verb (used with object)
Origin of lacquer
Examples from the Web for lacquering
Historical Examples of lacquering
It must be borne in mind that the lacquering was often but an afterthought decoration.
In lacquering guns care is to be taken to leave the distinguishing marks and numbers distinctly visible.Ordnance Instructions for the United States Navy.
Bureau of Ordnance, USN
The latter are prepared by varnishing or lacquering the former.
It may be protected to some extent by lacquering with pale lacquer, but it loses some of its brilliancy and purity in the process.On Laboratory Arts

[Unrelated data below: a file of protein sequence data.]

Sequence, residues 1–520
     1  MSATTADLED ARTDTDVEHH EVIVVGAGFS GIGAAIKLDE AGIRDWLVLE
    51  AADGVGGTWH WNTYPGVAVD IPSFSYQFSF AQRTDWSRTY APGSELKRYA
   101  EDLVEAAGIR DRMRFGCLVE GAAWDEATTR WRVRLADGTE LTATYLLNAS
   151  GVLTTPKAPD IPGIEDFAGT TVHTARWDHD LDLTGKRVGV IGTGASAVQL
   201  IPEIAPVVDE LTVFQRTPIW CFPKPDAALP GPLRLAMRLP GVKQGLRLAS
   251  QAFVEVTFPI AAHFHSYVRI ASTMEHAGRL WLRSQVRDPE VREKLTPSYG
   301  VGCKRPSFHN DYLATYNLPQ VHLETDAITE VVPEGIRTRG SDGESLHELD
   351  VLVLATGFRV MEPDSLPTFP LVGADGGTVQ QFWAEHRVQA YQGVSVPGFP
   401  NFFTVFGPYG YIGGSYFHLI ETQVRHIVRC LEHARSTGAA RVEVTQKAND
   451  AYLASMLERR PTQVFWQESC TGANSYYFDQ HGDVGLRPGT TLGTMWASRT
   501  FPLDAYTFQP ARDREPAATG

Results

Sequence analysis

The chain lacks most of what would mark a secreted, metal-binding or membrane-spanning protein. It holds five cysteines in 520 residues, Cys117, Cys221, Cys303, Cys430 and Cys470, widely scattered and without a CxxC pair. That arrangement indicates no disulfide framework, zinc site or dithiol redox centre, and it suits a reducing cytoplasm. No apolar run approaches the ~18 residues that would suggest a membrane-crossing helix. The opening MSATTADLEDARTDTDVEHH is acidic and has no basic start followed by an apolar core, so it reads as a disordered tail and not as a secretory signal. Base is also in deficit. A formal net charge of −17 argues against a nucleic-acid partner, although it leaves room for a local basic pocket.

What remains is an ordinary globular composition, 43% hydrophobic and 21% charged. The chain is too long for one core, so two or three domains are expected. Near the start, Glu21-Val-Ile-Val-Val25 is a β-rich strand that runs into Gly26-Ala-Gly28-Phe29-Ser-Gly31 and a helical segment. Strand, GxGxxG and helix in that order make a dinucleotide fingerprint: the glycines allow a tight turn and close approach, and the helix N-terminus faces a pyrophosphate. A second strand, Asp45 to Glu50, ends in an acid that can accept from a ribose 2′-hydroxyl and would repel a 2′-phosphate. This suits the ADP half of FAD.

Women were employed extensively in the light chain trade, also in lacquering in the brass trade, and in many other occupations.Women in Modern Industry
B. L. Hutchins
Word Origin for lacquer
1570s as "dye obtained from lac;" 1670s as "lacquer," from obsolete French lacre, name for a kind of sealing wax, from Portuguese lacre, unexplained variant of lacca "resinous substance," from Arabic lakk, from Persian lak (see lac).
"cover or coat with laqueur," 1680s, from lacquer (n.). Related: Lacquered; lacquering.